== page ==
Fun things to do in Chester

  • Views from the walls
    Views from the walls
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  • Rows
    Rows
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  • Former cloister of the monastery
    Former cloister of the monastery
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Most Viewed Things to Do in Chester

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    Queens Park Suspension Bridge

    by Balam Updated Apr 27, 2010

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    Queens Park Suspension Bridge was built in 1923 to replace a private bridge constructed in 1859 to link the new suburb of Queens Park with the City. It offers some good views of the river and it is from between this and the Old Dee Bridge that you can get one of the boats that offer cruises up the river.

    Queens Park Suspension Bridge Queens Park Suspension Bridge Queens Park Suspension Bridge
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    half timbered houses

    by Jonathan_C Updated Oct 15, 2003

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    Why is it that we can't build like this any more? It seems obvious that people love this type of construction but the bottom line, short time horizon culture we've created makes it next to impossible. At least we can enjoy the fruits of earlier generations' labors.

    Sigh...

    half timbered street
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    Bridge of Sighs

    by bugalugs Written Apr 17, 2006

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    No you are not mistaken this is not Venice but Chester where this Bridge of Sighs is situated.

    The bridge is built over the Shropshire Union Canal, and was built in 1793. This was a link between the jail and a chapel situated in the Blue Coat Hospital. The bridge was used by prisoners who walked across the bridge to the chapel to receive their 'Last Rites' before they were executed. The bridge at the time had railings so the prisoners could not attempt suicide.

    The Blue Coat Hospital was built in 1717 and originally a charity school.

    The jail at the time was built into Northgate and the dungeons were cut into the rock below the city walls, they had no windows and air was let in through pipes.
    It is also said that this area is haunted, but then again with so many executions I suppose it would be.

    Bridge of Sighs
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    Grosvenor Museum

    by mickeyboy07 Written Sep 1, 2011

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    Here you can discover the history of Chester and the people who have made it so special.It houses an impressive collection of Roman Tombstones,along with fascinating displays that build a picture of Roman Chester.Explore Chester's impressive geology and natural history as well as Victorian,Georgian and Edwardian pieces.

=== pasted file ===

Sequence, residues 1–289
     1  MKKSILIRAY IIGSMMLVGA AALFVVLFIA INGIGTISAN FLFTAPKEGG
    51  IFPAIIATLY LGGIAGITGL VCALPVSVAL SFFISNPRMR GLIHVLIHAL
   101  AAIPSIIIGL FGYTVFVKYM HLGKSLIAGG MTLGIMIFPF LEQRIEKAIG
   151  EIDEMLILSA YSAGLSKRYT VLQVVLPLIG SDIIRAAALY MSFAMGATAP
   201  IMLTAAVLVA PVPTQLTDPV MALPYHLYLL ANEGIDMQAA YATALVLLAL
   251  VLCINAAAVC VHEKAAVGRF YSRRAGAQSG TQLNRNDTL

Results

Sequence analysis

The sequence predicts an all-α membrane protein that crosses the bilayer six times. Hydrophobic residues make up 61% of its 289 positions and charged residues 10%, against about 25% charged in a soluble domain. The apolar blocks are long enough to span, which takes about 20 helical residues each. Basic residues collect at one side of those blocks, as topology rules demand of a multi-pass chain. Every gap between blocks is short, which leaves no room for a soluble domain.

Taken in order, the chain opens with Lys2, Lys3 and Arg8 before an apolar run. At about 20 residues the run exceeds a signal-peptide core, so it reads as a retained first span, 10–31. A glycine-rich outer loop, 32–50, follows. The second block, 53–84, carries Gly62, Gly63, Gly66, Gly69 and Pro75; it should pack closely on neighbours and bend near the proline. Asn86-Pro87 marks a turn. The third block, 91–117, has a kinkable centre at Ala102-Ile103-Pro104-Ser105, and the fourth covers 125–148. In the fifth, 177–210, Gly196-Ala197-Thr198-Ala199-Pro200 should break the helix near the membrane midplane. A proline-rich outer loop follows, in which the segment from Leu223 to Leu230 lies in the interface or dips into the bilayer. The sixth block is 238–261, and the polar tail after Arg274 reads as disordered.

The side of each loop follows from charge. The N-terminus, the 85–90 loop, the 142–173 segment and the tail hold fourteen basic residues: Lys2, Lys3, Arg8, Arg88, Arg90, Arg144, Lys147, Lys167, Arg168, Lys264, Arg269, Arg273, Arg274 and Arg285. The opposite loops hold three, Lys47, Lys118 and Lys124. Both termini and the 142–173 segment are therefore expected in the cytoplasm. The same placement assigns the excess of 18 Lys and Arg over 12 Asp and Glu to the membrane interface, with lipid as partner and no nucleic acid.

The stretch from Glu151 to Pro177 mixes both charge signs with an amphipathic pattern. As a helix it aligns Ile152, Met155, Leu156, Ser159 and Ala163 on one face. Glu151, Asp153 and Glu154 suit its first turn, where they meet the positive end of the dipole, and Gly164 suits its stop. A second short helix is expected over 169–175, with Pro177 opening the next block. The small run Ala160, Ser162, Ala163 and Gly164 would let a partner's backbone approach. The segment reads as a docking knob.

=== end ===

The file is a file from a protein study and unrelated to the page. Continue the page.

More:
The museum is free entry
    opening times:mon till sat 10.30am-5.00pm
    sun 1.00pm-4.00pm

    Outside Roman Soldier Roman tombstones History of Chester displays
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    St John the Baptist Church

    by bugalugs Written Apr 17, 2006

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    In 1862 Saxon coins which were minted in the reign of Edward the Elder who reigned from 899-925 were found buried under the church. At the same time some saxon crosses and other artefacts were also found and these are displayed in the church.

    Also the church is said to be haunted. Schoolboys apparently saw a monk on the spiral staircase leading to the bell tower and other witnesses saw a nun in the graveyard.

    Me looking at some artefacts Font Old relics
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    Gods Providence

    by Balam Written Apr 28, 2010

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    Gods Providence House in Watergate Street was originally built in 1652 which was 4 years after a plague killed 2,000 Chester inhabitants in only 10 months.
    The motto on it's frontage 'Gods providence is mine inheritance' is an expression of thanks that no members of the family died during the epidemic.

    Gods Providence House Gods Providence House
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    Changing the Guard

    by Balam Written Apr 28, 2010

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    If you happen to be visiting on a Sunday during the Summer make sure you are at the Eastgate Arch at Midday to watch the changing of the Roman Guard.
    It is an hour long inspection and parade which can involve up to 25 soldiers in full Roman military costume.

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  • The Tudor House

    by sabsi Written May 7, 2003

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    The plaque on the Tudor House says that it is the oldest town of Chester (from 1503). Experts, however, think that it's more likely been built in 1603.

    Oh well, it's definitely a cute house and it's definitely leaning over to the right!!